The microbiome influences the body’s functions and the hormone balance we rely on to feel our best. Nutrition, lifestyle, and the environment heavily influence the microbiome, and luckily, these factors are largely within our control. Simple shifts in how we live can profoundly impact our health, and the microbiome helps to explain why.

Let’s explore some of these strategies to support gut health and the microbiome:


  • Get a stool test. A functional stool test provides so much information about your microbiome. It looks at levels of beneficial bacteria, tests for pathogens, and provides information about digestive function. You can also measure beta-glucuronidase, as mentioned above, to help understand the estrobolome and estrogen detoxification.


  • Eat fermented foods. Fermented foods are a natural source of beneficial bacteria (probiotics) that support microbiome health. These foods were part of our ancestors’ diets but are easy to skip over in modern times. Simple options to include in your diet are:


  • Sauerkraut, kimchi, and fermented vegetables
  • Yogurt and kefir (dairy or non-dairy)
  • Miso
  • Kombucha
  • Apple cider vinegar


  • Feed your microbiome with prebiotics. Prebiotics include specific fibers, polyphenols, and resistant starches that you don’t digest but provide food to the probiotics in the gut. In turn, the probiotics make beneficial compounds for you, such as vitamins and short chain fatty acids. Helpful prebiotic foods include:
    • Onions, garlic, leeks
    • Artichokes
    • Dandelion greens
    • Sunchokes
    • Green bananas and plantains
    • Berries
    • Oats
    • Beans
    • Rice and potatoes (cooked and cooled)


  • Diversify your diet. A diverse diet, especially regarding fiber-rich plant foods, supports a diverse microbiome, which is a sign of a healthy microbiome. Try to eat 40 unique plant foods per week from herbs, spices, vegetables, fruits, nuts, seeds, whole grains, and legumes.


  • Have regular bowel movements. It’s helpful to keep things flowing and allow waste (and estrogen) removal from the body. Microbiome-supportive foods will help with regularity, as will good hydration and movement. Supplemental magnesium may be an additional strategy.


  • Consider probiotics and other gut health supplements. Probiotics may help improve vaginal and reproductive health, prevent UTIs and other infections, support the immune system, and promote healthy digestion. With a stool test, your practitioner can help you determine the most effective probiotic strains or formula.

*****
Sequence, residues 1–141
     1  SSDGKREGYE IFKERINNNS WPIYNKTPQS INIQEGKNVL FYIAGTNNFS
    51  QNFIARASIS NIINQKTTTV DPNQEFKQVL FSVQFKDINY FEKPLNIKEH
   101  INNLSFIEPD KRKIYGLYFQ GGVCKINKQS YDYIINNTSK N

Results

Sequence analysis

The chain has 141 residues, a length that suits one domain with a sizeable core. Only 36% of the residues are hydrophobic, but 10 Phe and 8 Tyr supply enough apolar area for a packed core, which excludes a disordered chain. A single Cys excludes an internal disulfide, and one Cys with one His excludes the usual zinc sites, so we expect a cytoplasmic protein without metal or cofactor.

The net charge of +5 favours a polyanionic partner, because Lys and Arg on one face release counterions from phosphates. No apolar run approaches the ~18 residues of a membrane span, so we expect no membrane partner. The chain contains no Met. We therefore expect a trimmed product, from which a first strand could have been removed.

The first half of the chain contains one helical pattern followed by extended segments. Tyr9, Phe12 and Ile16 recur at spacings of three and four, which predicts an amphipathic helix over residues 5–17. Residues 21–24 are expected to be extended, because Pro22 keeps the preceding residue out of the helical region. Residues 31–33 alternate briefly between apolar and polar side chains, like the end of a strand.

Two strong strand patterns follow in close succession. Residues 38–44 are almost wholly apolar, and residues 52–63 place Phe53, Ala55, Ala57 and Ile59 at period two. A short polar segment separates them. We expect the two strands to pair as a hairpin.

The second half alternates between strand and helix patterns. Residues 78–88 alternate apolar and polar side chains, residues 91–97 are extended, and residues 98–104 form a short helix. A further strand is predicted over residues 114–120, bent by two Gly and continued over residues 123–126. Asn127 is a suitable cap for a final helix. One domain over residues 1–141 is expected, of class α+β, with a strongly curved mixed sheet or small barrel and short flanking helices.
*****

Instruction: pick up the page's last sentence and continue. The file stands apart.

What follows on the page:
Digestive enzymes, digestive bitters, glutamine, licorice (as DGL), marshmallow root, aloe, zinc, glutamine, prebiotics, and other supplements may also offer support, depending on your needs.


  • Avoid toxins as possible. Chlorine in the water and pesticides in food are just a couple of examples of environmental chemicals that disrupt the gut microbiome. Drinking filtered water and choosing organic food helps you avoid these chemicals.

In addition, consider other sources of exposure to toxins and endocrine disruptors (hormone-disrupting chemicals), such as personal care and cleaning products.


  • Activate the parasympathetic nervous system. When the body is under stress, and the sympathetic nervous system is activated, digestion is de-prioritized. Not only does your body need to be in a relaxed, parasympathetic state for digestion, but this state also supports your migrating motor complex. These smooth muscle contractions move food downward through the GI tract between meals, helping to prevent microbiome imbalances.


  • Interact with the natural world. Grow a garden, raise animals, and pet your dog. The more physical interactions you have with nature, the better it is for your microbiome. We’ve evolved along with the natural world but tend to be overly clean in modern times which may contribute to microbiome, hormonal, and immune changes. A little dirt is good for your health!

By supporting your gut microbiome, you shape your body’s physiology to create health and resilience. Because women’s microbiomes are unique and influenced by hormonal changes throughout life, we may need extra microbiome attention, especially in the face of reproductive and hormonal issues. Working with an integrative doctor and using functional testing can help you improve your microbiome and create more hormonal balance.